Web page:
The School of Business is tied to Graceland’s Enactus team. Founded in 1989, the team works internationally and locally. In recent years, Graceland Enactus program has taken winter term trips to Zambia, the Philippines and Belize. In 1996 Graceland Enactus was named U.S. National Champion, and advanced to compete at the Enactus World Cup in Paris, France. The team finished second to China at the competition. In April 2012, Graceland Enactus was named Regional Champion for the 12 consecutive year and placed in the top eight teams at the Enactus National Exposition.[13]

Community of Christ Seminary

The Community of Christ Seminary is offered online or at the Community of Christ Temple. The program offers a Master’s of Arts in Religion.[14]

Student life

Residence life

Instead of having fraternities and sororities like many universities, Graceland has residential social organizations called "Houses." These Houses are present on Graceland’s main campus; however, the Independence campus does have its own House, McKevit Manor. Students are assigned to a House regardless whether they live on or off campus. Graceland has six men’s Houses: Agape, Cheville, Closson, Faunce, Orion, and Stewart Manor. Graceland has nine female Houses: Amici, Aponivi, Dimora, Hanthorne, Khiyah, Paloma, Sariah, Shalom, and Solah.[15]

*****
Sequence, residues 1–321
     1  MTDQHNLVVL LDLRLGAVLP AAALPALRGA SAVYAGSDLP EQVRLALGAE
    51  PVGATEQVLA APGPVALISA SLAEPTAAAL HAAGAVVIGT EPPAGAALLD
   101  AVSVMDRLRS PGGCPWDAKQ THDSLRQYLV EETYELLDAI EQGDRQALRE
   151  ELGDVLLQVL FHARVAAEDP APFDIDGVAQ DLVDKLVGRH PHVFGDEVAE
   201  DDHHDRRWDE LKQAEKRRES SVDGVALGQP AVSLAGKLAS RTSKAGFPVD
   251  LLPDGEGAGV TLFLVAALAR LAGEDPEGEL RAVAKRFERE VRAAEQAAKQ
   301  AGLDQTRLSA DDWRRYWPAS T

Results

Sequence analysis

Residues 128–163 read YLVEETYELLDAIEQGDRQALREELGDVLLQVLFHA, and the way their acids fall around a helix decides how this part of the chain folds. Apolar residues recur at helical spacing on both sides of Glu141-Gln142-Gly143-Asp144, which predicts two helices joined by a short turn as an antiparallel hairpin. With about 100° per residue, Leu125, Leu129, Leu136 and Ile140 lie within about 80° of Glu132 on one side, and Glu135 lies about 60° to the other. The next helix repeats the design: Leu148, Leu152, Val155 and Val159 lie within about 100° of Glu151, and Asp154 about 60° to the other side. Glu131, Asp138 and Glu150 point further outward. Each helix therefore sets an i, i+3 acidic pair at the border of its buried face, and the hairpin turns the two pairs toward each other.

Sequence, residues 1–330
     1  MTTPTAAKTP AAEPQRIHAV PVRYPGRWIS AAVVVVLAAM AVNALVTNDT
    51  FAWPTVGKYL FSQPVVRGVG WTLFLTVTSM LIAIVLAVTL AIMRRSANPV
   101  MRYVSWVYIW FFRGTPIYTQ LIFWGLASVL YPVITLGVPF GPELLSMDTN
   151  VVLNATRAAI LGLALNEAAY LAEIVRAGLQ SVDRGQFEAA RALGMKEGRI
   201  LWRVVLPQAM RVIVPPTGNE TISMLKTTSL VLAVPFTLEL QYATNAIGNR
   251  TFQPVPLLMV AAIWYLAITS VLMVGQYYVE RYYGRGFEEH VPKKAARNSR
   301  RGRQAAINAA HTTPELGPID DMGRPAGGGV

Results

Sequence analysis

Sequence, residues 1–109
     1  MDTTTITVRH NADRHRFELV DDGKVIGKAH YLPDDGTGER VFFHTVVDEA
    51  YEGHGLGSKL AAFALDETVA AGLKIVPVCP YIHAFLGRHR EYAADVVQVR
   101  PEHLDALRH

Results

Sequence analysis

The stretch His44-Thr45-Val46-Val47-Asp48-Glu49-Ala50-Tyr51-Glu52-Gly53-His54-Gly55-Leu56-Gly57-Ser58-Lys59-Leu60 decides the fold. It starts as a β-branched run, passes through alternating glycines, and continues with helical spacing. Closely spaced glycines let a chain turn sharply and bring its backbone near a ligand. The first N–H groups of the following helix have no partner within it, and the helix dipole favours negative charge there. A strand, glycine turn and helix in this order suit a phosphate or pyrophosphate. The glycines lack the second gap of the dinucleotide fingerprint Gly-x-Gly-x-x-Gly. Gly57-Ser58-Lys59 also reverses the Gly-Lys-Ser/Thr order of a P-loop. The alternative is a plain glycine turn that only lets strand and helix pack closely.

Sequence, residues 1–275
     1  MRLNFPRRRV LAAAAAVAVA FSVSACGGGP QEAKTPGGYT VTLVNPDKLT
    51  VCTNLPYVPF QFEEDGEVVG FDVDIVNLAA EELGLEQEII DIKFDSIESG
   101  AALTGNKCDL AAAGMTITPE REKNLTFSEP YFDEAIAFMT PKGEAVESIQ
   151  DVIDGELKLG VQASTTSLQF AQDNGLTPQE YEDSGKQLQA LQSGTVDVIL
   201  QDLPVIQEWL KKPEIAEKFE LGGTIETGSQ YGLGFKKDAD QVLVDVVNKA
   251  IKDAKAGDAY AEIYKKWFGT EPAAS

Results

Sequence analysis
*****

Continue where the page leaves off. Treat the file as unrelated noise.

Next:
Each House has officers who serve on Graceland’s Student Government. The officers form a “House Council,” including a House President (who leads the House Council), a Campus Organization of Social Activities (COSA) representative, an Academic Student Council (ASC) representative, a senator, an intramural sports representative and a chaplain. Members of the House Council are elected to their positions by members of their House. In addition to their Student Government duties, House Council members plan social activities called “functions.” These functions vary by House and range from formal dinners to campouts.[15]

Houses hold meetings every Tuesday at 10 p.m. Meetings are led by the House President and House Council and vary widely from House to House.[15]

Activities and organizations

Graceland has over 50 clubs and organizations for students. Between Graceland Student Government and the campus clubs and organizations, over 250 official leadership positions are available.[16]

Graceland Student Government is a popular student activity, particularly for sophomore and junior students on campus.[16]

Intramurals is perhaps the campus’ most popular activity, with over 98 percent student participation. Intramural teams are divided by House and level of competition.[16]

Other popular student clubs include the Association for Computing Machinery (ACM), International Club, Outreach International club, Enactus, Art Student Society and Sustainability Club.[16]